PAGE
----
Scholarship of Teaching and Learning in STEM
Scholarship of Teaching and Learning in STEM

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1.1 SoTL and educational research

Educational research has traditionally been the province of educators in departments of education, or, in some disciplines, educational researchers. SoTL, on the other hand, invites involvement by educators across the full spectrum of disciplines and departments where the main aspiration is to change practice with immediate effect on student learning and teaching practice.

Claims about contributions to the theoretical knowledge base are made in SoTL, but these claims are not the prime objective; rather, they are motives for change and are therefore secondary. However, the education research community’s aspirations appear to be more about confirming and augmenting the field’s collective knowledge base, whereas the immediacy of the impact and the effect on practice is somewhat secondary or implicit (Larsson et al., 2020).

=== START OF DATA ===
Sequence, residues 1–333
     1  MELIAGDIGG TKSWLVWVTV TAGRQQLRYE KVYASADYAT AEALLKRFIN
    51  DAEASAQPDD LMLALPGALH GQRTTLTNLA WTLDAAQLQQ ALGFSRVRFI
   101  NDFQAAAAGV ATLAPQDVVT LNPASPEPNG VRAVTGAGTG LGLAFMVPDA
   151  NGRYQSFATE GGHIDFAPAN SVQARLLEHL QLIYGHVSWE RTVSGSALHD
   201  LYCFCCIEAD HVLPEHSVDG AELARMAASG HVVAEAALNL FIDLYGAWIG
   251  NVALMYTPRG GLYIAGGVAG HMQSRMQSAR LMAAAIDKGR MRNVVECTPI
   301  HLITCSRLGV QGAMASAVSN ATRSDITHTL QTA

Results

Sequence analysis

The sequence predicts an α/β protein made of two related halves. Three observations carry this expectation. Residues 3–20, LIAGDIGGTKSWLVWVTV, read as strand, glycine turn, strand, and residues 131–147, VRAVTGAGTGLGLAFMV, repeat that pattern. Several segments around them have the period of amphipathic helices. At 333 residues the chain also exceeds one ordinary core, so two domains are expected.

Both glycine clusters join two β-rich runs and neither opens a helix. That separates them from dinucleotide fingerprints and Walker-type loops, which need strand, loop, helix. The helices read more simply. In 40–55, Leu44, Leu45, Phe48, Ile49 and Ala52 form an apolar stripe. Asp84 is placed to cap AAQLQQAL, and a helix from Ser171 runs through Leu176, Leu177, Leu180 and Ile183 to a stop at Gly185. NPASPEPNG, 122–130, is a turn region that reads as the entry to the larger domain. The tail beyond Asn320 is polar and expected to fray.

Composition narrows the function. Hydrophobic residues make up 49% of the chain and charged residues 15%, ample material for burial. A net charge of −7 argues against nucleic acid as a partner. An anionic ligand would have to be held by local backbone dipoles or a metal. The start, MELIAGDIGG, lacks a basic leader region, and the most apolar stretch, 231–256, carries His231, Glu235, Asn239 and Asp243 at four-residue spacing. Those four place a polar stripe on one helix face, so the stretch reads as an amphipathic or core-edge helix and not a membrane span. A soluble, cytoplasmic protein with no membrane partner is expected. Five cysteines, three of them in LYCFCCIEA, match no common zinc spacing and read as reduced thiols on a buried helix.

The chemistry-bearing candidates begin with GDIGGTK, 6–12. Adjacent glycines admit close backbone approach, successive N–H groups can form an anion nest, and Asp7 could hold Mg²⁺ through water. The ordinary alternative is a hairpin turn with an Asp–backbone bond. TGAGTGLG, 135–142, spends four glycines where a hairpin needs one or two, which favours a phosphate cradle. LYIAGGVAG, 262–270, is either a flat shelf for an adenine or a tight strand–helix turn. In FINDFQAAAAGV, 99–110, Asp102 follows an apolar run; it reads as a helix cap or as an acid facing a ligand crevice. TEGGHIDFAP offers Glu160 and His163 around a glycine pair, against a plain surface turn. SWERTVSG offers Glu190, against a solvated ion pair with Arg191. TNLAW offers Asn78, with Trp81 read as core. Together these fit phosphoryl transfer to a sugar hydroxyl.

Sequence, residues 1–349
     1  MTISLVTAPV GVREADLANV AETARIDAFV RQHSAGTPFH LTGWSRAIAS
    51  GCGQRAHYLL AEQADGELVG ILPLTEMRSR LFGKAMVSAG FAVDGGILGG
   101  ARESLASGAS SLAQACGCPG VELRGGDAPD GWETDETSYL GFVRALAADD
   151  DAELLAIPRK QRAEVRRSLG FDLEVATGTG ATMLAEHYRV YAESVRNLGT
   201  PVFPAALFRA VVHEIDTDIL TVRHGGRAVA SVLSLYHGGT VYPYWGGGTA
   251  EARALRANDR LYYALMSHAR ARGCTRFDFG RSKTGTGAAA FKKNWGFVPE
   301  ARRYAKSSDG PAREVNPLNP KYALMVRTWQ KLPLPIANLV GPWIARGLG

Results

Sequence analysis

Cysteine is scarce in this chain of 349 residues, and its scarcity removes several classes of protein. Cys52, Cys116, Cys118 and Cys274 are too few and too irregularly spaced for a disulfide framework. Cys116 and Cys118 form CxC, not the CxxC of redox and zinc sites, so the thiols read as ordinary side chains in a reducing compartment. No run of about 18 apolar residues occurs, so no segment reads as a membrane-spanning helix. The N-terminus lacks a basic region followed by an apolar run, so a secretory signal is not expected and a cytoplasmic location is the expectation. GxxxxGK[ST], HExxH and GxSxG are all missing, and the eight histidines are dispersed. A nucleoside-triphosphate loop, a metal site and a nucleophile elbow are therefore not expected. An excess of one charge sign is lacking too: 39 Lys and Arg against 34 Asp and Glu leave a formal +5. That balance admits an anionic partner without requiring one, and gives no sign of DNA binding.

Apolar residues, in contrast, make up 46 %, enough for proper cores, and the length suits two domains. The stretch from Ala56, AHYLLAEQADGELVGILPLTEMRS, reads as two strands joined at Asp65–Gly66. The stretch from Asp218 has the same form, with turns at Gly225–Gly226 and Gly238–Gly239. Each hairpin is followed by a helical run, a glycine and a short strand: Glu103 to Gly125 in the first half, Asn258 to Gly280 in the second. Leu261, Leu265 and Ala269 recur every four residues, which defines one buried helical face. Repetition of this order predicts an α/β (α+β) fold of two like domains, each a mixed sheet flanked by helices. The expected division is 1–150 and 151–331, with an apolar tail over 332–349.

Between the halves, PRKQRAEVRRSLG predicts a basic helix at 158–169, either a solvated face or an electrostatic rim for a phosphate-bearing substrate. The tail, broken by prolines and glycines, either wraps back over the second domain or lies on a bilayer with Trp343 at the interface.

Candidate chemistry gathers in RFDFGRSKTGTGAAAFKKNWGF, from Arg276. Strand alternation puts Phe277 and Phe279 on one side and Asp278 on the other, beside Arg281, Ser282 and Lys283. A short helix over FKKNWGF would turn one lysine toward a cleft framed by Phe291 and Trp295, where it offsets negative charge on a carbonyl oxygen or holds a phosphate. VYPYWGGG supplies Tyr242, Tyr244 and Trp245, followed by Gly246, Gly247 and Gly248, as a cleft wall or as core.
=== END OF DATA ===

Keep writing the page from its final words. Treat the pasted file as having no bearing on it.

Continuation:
Geertsema (2016) highlights the problems for educators when SoTL is ‘conflated with educational research’ (p. 126) and warns that it is neither realistic nor helpful to expect educators engaging with SoTL to develop a parallel expertise in education that would be comparable in degree to their disciplinary expertise.

Grant (2018) reinforces that an all-round expertise is not required for SoTL:

Remembering that we don’t need to become experts in everything before taking first steps [in SoTL] and that our own disciplinary expertise provides the necessary lens for us to take a closer look at teaching and learning in our discipline-specific classrooms [and] can provide the confidence we need as we begin to engage with the language and practices of educational research and SoTL. (p. 35)

Hutchings (2000) envisions a positive, mutually beneficial relationship between SoTL and educational research and synergistic possibilities rather than rigid boundaries:

Indeed these communities…enrich one another. [SoTL] may open up new questions that, over time, prompt major new lines of educational research. Educational research may suggest models and strategies that can be explored in the scholarship of teaching and learning and in scholarly teaching practice. (p. 9)

Svinicki (2012) also tackles the challenging question of ‘how well someone needs to understand both the discipline and the theories and methods of educational research to be entitled to engage in SoTL’ (p. 1). However, rather than requiring expertise in educational theory, Svinicki advocates for the SoTL community to encourage teams of researchers with differing academic expertise to work together over time in the pursuit of credible and significant teaching and learning research.

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